Ed here: Here's Jonathan Lethem being interviewed on Verge.
Jonathan Lethem makes no secret of his influences. His first published novel,Gun, with Occasional Music, riffed on the hard-boiled detective fiction of Raymond Chandler. He’s written an academic novel in the style of Don Delillo (As She Climbed Across the Table), and crossbred E.M. Forster’s A Passage to India with John Ford’s The Searchers, transporting the Western to an alien world in Girl in Landscape. He’s even written about “the ecstasy of influence,” reminding us that no creative act arrives ex nihilo — it’s all, like his own work, a product of influences and appropriations, conscious and not.His latest novel, Dissident Gardens, follows three generations of utopian seekers whose American dreams are thwarted by reality. They’re activists to varying degrees and, as Lethem says, fundamentally uncomfortable in everyday life. Their stories trace a particular vein running through the country’s history, from the Communist cells of the 1930s to the Occupy movement of today.
By telephone from his home in California, Lethem discussed the porous borders between science fiction and “the mainstream,” how contemporary fiction acknowledges (or doesn’t) technology and capitalism, and wanting to write about his grandmother’s sex life.
Last time we talked, we discussed Philip K. Dick, a science fiction writer who had a great influence on you — not just as a writer, but as a person. You've mentioned early in your career wanting to align yourself with genre writers, who you called “those exiles within their own culture.” As someone well into your career, with more than a half-dozen published novels, what's your relationship to science fiction today?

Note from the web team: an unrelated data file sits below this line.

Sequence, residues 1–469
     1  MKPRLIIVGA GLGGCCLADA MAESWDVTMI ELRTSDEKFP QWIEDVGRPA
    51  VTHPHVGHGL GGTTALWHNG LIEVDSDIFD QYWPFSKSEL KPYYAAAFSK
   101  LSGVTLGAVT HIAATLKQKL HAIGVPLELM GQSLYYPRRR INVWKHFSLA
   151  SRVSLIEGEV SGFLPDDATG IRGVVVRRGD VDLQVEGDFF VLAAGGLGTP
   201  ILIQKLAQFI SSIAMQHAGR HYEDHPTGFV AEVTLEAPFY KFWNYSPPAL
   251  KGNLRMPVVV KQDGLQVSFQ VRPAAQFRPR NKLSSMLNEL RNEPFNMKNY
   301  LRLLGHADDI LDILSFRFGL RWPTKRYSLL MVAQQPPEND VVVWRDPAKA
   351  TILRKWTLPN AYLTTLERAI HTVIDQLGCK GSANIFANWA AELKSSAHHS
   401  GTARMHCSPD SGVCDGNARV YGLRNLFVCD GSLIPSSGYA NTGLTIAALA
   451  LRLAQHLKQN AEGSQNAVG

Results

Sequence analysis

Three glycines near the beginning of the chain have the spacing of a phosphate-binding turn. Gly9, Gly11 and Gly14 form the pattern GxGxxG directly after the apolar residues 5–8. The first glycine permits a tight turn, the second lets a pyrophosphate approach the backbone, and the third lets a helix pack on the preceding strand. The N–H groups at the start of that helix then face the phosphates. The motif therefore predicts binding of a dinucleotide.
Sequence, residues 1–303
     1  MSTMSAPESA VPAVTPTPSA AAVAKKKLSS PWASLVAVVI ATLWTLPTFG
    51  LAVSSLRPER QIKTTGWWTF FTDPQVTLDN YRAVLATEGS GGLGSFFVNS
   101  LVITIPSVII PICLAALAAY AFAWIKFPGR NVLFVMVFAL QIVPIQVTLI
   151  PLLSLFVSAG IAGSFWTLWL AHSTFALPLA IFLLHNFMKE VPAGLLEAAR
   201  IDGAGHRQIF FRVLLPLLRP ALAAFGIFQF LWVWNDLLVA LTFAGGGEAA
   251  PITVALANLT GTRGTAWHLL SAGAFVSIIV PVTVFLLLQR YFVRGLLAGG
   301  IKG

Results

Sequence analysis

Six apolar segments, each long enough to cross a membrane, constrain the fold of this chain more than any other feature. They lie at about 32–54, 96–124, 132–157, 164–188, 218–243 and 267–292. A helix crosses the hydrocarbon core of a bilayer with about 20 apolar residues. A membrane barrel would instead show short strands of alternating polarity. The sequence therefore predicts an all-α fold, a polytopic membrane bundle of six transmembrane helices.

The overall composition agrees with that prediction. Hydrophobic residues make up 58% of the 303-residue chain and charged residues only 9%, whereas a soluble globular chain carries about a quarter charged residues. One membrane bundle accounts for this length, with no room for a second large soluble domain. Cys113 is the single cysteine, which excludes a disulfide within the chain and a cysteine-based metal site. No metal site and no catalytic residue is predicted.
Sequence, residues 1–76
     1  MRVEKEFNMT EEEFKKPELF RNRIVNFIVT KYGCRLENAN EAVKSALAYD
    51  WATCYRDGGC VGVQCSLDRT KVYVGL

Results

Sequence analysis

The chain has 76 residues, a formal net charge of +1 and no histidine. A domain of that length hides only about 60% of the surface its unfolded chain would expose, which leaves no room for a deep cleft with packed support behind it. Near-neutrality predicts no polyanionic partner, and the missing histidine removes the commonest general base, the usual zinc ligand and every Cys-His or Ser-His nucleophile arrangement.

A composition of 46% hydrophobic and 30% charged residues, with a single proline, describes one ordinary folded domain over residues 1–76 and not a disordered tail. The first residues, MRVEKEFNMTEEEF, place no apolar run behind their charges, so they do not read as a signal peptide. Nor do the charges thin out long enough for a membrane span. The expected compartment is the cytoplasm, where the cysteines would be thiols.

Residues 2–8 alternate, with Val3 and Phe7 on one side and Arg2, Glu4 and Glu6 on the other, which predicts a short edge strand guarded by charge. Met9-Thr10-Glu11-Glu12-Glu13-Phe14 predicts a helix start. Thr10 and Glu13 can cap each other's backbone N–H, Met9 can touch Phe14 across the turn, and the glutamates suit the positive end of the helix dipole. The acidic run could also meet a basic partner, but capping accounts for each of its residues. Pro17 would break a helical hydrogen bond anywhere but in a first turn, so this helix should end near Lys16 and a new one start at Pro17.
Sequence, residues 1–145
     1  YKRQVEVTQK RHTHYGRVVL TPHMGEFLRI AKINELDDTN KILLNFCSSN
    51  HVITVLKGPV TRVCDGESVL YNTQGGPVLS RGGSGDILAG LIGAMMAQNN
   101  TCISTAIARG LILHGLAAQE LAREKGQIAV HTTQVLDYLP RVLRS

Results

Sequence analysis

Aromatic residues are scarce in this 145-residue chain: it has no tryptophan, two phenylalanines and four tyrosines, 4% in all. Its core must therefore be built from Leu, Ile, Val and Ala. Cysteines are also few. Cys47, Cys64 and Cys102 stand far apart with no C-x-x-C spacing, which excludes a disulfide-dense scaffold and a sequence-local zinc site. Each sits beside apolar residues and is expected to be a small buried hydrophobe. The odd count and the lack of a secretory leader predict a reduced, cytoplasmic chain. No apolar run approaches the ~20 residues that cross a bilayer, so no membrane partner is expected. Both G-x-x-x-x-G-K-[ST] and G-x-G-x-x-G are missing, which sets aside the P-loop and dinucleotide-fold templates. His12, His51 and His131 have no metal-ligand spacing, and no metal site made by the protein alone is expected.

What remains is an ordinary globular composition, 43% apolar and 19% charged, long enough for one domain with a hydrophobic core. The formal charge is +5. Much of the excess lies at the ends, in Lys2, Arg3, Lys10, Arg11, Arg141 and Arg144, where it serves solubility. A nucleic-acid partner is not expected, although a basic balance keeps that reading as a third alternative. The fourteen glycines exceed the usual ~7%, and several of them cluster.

That's a really great and really complicated, wide-open opportunity there. There are so many different angles on what it even means to speak with confidence about a science fiction genre. It's a bit like an oasis in the desert that looks coherent from a distance, and when you get closer is not just a mirage — there's something there — but some of it was a mirage. And certainly, there's a lot of sand between the trees and the little trickle of water that looked like one coherent thing in the distance.
By the way, every time I laugh, you should insert [laughter], okay? I think it just makes things much better, because I'm constantly being taken for a pompous asshole when I was just trying to be funny about something. Something about my tone requires a tremendous number of [laughter], okay?
Do you want me to —
Yeah, that's all on the record. You can say that whole thing.
I don't feel that way about everything. The “crime” section contains those hard-boiled detective stories, but it also contains this other genre, which is about the criminal protagonist. They’re the kinds of books you encounter in Charles Willeford and Donald Westlake. They may both be read by people who dig mysteries, but they're different things. And they're different things yet again from the well-ordered, English-style Agatha Christie pursuit-by-armchair-detective, sequence-of-likely-suspects-leading-to-apprehending-the-culprit-by-way-of-organized-clues that makes you go “Aha!” and “Oh ho!” That's another genre.
So, speaking as a novelist, I feel great confidence that the hard-boiled detective story is a genre. When I read Raymond Chandler or Dashiell Hammett or Ross Macdonald or the very early James Ellroy, I see the pattern. When I wrote Gun, with Occasional Music and Motherless Brooklyn, those were genre novels: the hard-boiled detective story gave me a reliable template.
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